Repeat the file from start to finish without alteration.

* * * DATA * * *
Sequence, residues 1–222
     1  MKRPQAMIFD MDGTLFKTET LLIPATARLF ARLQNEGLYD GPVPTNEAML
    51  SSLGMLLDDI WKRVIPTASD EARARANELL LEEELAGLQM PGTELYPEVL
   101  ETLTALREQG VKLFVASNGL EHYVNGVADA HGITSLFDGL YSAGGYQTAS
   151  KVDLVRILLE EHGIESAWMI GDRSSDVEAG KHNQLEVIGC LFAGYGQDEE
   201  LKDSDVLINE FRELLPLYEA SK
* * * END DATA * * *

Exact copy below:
Sequence, residues 1–222
     1  MKRPQAMIFD MDGTLFKTET LLIPATARLF ARLQNEGLYD GPVPTNEAML
    51  SSLGMLLDDI WKRVIPTASD EARARANELL LEEELAGLQM PGTELYPEVL
   101  ETLTALREQG VKLFVASNGL EHYVNGVADA HGITSLFDGL YSAGGYQTAS
   151  KVDLVRILLE EHGIESAWMI GDRSSDVEAG KHNQLEVIGC LFAGYGQDEE
   201  LKDSDVLINE FRELLPLYEA SK